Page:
Lulworth Castle - now a popular wedding venue.
6th Fine warm day - Dr Smith came to see Fred and gave a very favourable report indeed - but there is still a little congestion left, so he must persevere in his present treatment. All the world turned out for the Weymouth Races, which are very indifferent I fear but Hugh enjoyed the Ball and stayed till 5. - Poor dear Humfry started at one for Teignmouth, to join the Fullertons, where I trust he may find comfort and peace in time - Emily walked with Julia up the Nothe and the girls went to the school fete with Mrs Morewood and Lizzy - 
Left: Portland Castle Dorsetshire.
7th Called on the Morewoods - Major Galton and Captain Donald called about a horse for us - but it was too slight. Emily and Selina went to the organ lesson and Louy and Julia to their drawing - Mary with Kenelm and one joined Morewoods, Skipwiths and Erasmus in an Excursion round the Breakwater and Bill of Portland. It was a most lovely clear day, and we saw everything to perfection - passing the old Castle, Light houses, and very fine rocks, which with the famous race of Portland, must make it very dangerous navigation - On our return we came close to the Colossus a 74 ship returning to the roads, playing 'home sweet home', which we returned with Rule Britannia - She is a small ship and not very clean or in first rate order. We got home at 6, much pleased with our trip - Lizzy and Julia came to dine and drink tea with us - played at chess, and backgammon - Sir Thomas sent us five brace of grouse today – 
8th A misty sea fog, but no rain. Sat on the beach with the Skipwiths who have heard of Humberstone's safe arrival at Teignmouth at 8 last night and going with them to see Torquay etc. After luncheon I went with Kenelm and Emily to call on the Stevensons at St Johns - found them at Home in a pretty new house close to the Church - we then went on the Pier and up the Town. Met the Musgraves - but no news. The Skips and Erasmus dined with us Hugh did not return from Mr Radcliffe's / near Wareham / where he went yesterday, as we expected.
9th Sunday - A most stormy boisterous N.E. wind - but Emily and Selina went early to the School, and we got to St Johns Church with difficulty and back, very wet - It cleared in the afternoon and I went with Louy to Trinity Church and got a blow on the Esplanade -/ met the Skipwiths - Mary and Julia went to St Marys - Hugh came back  from Mr Radcliffes Hyde near Wareham, much pleased with his cat hunting -.
10th Still a strong East wind and a fine surf - the Skipwiths called and sat on the beach with the girls. Emily had a very touching letter from H.S. a sort of leave taking, as he goes abroad in ten days / Emily and I drove to Sandsfoot, with the Miss Skipwiths - Mary, Julia, and I walked to Wyke. Hugh went on board the Colossus with the Musgraves. Poor Fred could not get out, it was so cold - a farewell letter from poor H.S. -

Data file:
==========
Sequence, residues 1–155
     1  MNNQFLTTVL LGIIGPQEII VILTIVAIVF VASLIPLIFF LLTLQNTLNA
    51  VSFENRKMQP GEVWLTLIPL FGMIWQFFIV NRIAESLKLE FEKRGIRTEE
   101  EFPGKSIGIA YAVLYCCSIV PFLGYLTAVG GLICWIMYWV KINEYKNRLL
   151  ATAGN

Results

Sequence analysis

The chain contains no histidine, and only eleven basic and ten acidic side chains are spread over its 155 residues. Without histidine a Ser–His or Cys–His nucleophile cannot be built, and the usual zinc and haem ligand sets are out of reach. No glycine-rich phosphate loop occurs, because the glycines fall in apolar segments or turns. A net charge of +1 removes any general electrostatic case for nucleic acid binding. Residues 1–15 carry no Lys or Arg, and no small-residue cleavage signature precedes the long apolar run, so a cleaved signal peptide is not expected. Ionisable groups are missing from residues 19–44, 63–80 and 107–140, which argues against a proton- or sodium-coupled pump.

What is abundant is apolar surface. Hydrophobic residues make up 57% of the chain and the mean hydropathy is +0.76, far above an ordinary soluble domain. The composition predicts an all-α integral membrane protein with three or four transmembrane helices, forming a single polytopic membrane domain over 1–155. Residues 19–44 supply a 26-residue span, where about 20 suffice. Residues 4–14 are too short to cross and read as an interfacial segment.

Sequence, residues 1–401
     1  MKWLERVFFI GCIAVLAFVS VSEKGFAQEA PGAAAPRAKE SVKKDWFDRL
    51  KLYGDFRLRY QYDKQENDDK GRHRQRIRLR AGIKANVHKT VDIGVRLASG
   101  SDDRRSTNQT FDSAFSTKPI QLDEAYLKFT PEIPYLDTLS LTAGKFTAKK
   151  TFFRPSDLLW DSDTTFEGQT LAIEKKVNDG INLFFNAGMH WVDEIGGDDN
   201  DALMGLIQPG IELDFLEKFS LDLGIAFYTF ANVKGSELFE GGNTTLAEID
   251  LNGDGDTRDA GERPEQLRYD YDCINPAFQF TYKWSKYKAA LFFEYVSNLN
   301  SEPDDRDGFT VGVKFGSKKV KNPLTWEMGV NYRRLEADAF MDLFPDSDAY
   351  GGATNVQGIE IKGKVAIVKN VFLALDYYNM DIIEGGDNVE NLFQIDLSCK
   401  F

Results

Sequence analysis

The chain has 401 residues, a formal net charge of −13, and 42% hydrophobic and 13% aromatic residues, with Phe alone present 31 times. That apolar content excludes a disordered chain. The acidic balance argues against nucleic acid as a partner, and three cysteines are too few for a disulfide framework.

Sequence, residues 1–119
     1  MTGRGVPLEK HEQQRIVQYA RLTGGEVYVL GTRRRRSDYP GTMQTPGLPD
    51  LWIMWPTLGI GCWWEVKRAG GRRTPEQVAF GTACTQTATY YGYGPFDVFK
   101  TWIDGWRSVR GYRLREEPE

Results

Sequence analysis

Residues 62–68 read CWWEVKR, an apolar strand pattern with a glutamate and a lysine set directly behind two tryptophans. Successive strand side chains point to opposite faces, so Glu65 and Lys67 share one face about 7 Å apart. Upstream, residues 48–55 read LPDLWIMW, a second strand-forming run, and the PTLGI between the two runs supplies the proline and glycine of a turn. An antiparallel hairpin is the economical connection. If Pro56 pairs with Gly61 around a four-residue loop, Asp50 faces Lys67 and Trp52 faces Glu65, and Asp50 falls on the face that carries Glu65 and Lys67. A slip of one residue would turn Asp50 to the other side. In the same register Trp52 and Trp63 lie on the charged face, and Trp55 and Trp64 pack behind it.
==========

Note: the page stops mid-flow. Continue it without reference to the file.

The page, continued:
11th This is my 56th birthday - and I found a charming present of a Swiss Chamois Hunter from my five dear daughters - Again a cold wind and rough sea - Emily's last lesson on the organ after hearing which with the  Skips, I called with Kenelm upon Mr and Mrs Greaves to return their visit. He is the Clergyman of St Marys. We then walked up the Nothe. - The views were most lovely - such light and shade on the cliffs and so clear - The day improved very much - Louy and Julia went sketching on the Dorchester road - and Emily Selina and J Skipwith walked to ChickerellF/N 34. Henry Head arrived by train from Dartmouth - Letter from Mrs Manning at Lynmouth, and from Miss Kaye at Smethick in Lancashire.
12th A bright clear cold day again. Henry Head came to see us, looking very well - he is at the Royal - Met and walked with Captain Donald. The girls went with Julia Skip to sketch at Preston - Mary Selina and I went on the Pier, and amused ourselves with looking at the little boys fishing and at an Excursion boat coming in. Henry dined with us.
13th Beautiful day - So at 12 Louy, Mary, Julia Hugh and I started in a Phaeton for Abbotsbury by Mottington, Portisham etc. - The country is rather pretty in its way, downy hills and valleys with sheltered villages in them - We found on arriving at Abbotsbury / 9 miles off / that it was only a small Village with thatched houses, and a small Inn called the Ship - there are some new Gothic Schools just built close to it, which are rather prettyF/N 35, - After bespeaking our luncheon of fried Eggs and ham / for there was no cold meat or Mutton to be had / we walked out in search of the picturesque for sketching - there is a nice old ChurchF/N 36, and close to it and old Abbey farm which had been a Monastery, and was about 260 feet long - the old roof and  some of the windows and door ways are still remaining, but it is filled up now with farming utensils - there is a pretty arched Gateway too which they sketchedF/N 37, - We then returned to our luncheon, which was served in a very primitive style, but not bad - and then walked up a steep conical hill to St Catharine's ChapelF/N 38, which is still in good preservation tho' perchance on such an elevated spot - They took a sketch of it, and we sat down and enjoyed the fine air, and the view of Portland, and the whole extent of the Chesil beach. We then went down to the Keeper's house to get the key of the Swannery and Decoy and a small boy to guide us to it - there is a small stream which runs down from the hills to the backwater formed by the Chesil beach, and thus the Swannery is formed of a large tract of reads called Spears - Nests are made for them here.